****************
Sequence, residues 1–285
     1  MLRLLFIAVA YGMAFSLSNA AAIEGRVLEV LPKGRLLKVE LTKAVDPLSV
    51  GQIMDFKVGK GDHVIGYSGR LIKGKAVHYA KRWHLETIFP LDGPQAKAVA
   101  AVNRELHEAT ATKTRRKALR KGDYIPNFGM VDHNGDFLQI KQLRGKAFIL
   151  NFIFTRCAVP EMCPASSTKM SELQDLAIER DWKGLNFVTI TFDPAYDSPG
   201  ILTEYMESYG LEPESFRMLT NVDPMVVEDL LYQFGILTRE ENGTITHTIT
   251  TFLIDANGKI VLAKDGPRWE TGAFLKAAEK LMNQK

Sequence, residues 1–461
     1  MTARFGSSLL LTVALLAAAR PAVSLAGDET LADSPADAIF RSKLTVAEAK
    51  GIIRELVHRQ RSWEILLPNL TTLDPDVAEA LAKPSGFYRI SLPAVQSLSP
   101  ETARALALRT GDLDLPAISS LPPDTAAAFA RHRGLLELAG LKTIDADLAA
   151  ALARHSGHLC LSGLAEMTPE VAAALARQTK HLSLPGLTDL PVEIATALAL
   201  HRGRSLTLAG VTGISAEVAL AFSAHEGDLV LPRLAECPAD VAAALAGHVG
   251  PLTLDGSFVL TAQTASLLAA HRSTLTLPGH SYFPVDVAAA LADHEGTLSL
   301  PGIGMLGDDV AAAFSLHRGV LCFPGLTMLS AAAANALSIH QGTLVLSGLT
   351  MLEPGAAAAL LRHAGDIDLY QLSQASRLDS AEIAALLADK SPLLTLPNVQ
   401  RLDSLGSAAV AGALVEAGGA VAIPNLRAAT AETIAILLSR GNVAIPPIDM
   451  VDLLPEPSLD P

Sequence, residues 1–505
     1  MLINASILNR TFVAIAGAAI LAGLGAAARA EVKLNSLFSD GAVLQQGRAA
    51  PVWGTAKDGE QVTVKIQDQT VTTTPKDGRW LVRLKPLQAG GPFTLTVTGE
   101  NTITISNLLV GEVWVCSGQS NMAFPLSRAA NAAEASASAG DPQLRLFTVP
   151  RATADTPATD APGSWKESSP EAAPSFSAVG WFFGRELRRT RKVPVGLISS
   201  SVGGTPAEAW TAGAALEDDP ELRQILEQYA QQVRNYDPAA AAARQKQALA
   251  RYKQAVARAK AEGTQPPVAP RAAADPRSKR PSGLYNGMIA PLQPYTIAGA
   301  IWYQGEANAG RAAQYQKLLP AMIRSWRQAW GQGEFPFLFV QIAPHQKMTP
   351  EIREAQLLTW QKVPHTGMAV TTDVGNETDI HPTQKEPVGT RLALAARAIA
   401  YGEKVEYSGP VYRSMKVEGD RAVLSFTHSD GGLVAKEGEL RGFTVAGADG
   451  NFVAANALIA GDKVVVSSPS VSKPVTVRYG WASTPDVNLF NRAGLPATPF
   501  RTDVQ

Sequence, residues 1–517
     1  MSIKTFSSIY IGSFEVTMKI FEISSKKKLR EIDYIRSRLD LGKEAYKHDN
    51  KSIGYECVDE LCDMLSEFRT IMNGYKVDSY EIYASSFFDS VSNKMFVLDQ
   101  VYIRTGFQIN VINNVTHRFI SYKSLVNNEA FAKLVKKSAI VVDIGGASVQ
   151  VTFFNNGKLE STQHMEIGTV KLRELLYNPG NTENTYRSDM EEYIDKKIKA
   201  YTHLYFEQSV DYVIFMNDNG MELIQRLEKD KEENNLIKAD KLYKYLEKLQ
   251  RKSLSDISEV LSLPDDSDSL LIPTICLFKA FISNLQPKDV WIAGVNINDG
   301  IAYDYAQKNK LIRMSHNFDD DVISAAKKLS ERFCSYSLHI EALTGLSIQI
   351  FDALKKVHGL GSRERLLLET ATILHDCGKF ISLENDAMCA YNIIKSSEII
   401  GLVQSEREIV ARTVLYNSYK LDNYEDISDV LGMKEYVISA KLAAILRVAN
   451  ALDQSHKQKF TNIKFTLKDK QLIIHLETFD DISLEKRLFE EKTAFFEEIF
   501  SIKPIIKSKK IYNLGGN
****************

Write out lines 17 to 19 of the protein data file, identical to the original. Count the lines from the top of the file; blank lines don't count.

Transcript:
   401  RLDSLGSAAV AGALVEAGGA VAIPNLRAAT AETIAILLSR GNVAIPPIDM
   451  VDLLPEPSLD P

Sequence, residues 1–505